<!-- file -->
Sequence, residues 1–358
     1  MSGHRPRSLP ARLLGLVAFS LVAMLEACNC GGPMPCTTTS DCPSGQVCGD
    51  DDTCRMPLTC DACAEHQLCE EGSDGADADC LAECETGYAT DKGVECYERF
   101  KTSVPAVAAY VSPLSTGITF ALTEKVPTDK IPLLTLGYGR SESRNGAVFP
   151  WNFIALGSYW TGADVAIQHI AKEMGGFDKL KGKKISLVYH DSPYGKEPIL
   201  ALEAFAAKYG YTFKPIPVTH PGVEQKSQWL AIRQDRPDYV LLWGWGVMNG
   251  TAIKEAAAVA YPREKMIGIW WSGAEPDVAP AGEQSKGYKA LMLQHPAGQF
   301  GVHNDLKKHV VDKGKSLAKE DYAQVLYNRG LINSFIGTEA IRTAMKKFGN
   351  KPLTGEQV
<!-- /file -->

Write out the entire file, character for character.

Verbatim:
Sequence, residues 1–358
     1  MSGHRPRSLP ARLLGLVAFS LVAMLEACNC GGPMPCTTTS DCPSGQVCGD
    51  DDTCRMPLTC DACAEHQLCE EGSDGADADC LAECETGYAT DKGVECYERF
   101  KTSVPAVAAY VSPLSTGITF ALTEKVPTDK IPLLTLGYGR SESRNGAVFP
   151  WNFIALGSYW TGADVAIQHI AKEMGGFDKL KGKKISLVYH DSPYGKEPIL
   201  ALEAFAAKYG YTFKPIPVTH PGVEQKSQWL AIRQDRPDYV LLWGWGVMNG
   251  TAIKEAAAVA YPREKMIGIW WSGAEPDVAP AGEQSKGYKA LMLQHPAGQF
   301  GVHNDLKKHV VDKGKSLAKE DYAQVLYNRG LINSFIGTEA IRTAMKKFGN
   351  KPLTGEQV